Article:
So a trip to Crisp Point means a trip to the shores of Lake Superior in the eastern part of the Upper Peninsula.
Here, you can see where the Crisp Point Lighthouse stands.
This is one of the many Lake Superior lighthouses.
It also means a trip to beaches on Lake Superior. There’s a beach on both sides of the lighthouse.
These are both beaches where you can try searching for special Lake Superior rocks. You can look for colorful rocks.
And, a trip to Crisp Point also means taking some dirt roads that are more so the backroads of the UP!
Once you’re at Crisp Point, there are several areas where you’ll find benches and you can sit with views of Lake Superior and the lighthouse in the background.
The Crisp Point Lighthouse was a Lake Superior station that also served as a US Life-Saving Station (equivalent of present-day US Coast Guard) along what can be considered the most dangerous areas of the Great Lakes for ships. Read the history of Crisp Point Lighthouse.
More for your trip to the UP beyond Crisp Point Lighthouse
If you’re interested in Crisp Point Lighthouse, then you may also be interested in these things around the UP:
- Tahquamenon Falls (map)
- Kitch-iti-kipi (the bubbling big spring of Michigan!) (map)
- Pictured Rocks National Lakeshore (map)
- Presque Isle Park (map)
- Porcupine Mountains (map)
- Bond Falls (map)
- Best places to visit in the Upper Peninsula (for VIEWS!)
More below about what a drive to Crisp Point Lighthouse can be like!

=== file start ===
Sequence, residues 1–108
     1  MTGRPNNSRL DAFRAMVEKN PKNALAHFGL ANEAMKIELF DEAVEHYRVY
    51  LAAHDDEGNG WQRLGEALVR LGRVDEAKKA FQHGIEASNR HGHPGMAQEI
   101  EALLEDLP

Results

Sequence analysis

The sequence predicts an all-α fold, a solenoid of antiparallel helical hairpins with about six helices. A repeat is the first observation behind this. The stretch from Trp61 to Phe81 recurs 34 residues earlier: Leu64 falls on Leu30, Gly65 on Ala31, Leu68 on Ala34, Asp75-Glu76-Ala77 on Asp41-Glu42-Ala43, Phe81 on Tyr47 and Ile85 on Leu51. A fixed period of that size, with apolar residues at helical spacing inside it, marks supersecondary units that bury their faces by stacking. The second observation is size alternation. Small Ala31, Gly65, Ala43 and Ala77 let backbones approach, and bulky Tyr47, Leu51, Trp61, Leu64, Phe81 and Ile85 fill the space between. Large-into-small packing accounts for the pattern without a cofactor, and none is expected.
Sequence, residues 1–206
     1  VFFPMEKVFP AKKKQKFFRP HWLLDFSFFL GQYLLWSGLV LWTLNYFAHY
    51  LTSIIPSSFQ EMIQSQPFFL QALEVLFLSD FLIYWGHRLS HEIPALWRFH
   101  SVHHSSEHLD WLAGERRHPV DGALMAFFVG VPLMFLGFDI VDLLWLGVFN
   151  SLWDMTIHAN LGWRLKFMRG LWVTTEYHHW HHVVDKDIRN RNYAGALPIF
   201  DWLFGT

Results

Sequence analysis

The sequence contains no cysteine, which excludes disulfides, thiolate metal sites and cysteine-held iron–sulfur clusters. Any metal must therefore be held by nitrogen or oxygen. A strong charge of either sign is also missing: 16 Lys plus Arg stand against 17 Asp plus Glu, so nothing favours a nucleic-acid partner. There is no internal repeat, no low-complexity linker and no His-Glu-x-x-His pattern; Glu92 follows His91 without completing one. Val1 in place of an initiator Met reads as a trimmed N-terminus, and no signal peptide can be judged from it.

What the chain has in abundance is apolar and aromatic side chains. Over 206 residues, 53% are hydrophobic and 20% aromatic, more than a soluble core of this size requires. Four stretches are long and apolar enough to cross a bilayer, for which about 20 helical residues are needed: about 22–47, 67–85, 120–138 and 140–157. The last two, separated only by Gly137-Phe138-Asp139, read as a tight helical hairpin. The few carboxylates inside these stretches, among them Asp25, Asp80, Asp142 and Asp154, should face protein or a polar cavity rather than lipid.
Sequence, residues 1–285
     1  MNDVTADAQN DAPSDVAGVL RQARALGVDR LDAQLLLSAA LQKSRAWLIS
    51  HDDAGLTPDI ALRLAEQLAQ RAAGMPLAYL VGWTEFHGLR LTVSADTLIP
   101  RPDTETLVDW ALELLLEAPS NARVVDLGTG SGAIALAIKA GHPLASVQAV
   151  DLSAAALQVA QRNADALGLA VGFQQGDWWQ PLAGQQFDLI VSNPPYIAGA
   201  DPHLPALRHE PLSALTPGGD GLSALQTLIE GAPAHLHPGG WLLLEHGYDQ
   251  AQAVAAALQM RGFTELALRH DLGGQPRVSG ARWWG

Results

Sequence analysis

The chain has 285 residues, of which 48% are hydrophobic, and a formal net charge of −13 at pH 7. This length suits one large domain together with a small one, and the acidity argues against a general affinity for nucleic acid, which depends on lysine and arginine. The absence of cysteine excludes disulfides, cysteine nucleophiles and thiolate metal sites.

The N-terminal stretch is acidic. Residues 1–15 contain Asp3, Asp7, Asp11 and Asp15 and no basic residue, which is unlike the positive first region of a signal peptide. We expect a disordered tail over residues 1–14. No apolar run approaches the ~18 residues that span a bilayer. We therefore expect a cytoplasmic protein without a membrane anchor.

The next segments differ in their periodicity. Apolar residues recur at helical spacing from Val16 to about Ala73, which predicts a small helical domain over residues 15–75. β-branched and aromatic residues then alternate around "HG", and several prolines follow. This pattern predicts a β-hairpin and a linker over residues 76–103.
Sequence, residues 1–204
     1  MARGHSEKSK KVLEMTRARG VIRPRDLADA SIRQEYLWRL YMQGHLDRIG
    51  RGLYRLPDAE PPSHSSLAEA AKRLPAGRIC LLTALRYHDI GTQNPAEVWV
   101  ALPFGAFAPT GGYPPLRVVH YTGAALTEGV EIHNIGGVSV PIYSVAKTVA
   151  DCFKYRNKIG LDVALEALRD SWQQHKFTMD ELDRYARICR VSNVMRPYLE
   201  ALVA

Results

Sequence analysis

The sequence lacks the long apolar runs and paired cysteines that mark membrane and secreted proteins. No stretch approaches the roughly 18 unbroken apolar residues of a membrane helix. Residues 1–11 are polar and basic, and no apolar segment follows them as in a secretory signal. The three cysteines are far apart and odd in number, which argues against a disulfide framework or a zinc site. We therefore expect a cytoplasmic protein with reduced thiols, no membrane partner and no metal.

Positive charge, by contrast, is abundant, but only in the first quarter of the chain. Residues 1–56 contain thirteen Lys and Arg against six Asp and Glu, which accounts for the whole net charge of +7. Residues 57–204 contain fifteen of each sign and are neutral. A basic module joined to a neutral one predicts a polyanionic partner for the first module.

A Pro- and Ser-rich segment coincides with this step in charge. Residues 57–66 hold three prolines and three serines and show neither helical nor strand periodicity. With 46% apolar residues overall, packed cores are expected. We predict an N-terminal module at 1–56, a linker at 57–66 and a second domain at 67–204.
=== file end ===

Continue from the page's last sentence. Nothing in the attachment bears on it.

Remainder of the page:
IMPORTANT: If you're going camping, read about Michigan's campfire warning!
A bit of what a trip to Crisp Point can be like… along with the drive there!
I made a visit to Crisp Point in July 2020.
At this time, the Crisp Point visitor center was open, and it was also possible to walk around the grounds of the Crisp Point Lighthouse.
But the Crisp Point lighthouse tower was closed because of healthy safety reasons. In normal times, it would be possible to climb up the lighthouse tower to get grand views of Lake Superior.
To see if the tower will be open in 2021, you can take a look at the Crisp Point Light Historical Society’s website before you go.
So one of the most convenient times to go to Crisp Point during your UP trip will be alongside a visit to the popular Tahquamenon Falls State Park. The turnoff onto the road to Crisp Point is located around 5-10 minutes from the state park.
Be sure to gas up before you leave for Crisp Point though!
Once you turn off the main road (M-123 aka Tahquamenon Scenic Byway), the drive will be mostly on a dirt road (County Road 500).
You’ll be driving for about an hour to reach the lighthouse and you won’t find much of anything!
There’s a gas station a couple minutes drive from Tahquamenon Falls State Park.
To get you onto County Road 500 from Tahquamenon Falls, you can put in Crisp Point Lighthouse as your destination for google maps.
And then, the people of the Crisp Point Light Historical Society warn:
Do not follow your GPS from Paradise to the lighthouse.
It may take you down narrow two-track roads that can be impassable.
Side note, another local tip I received: When you’re on these sort of backroads of the UP, stick to the numbered roads! (For example government/county roads.)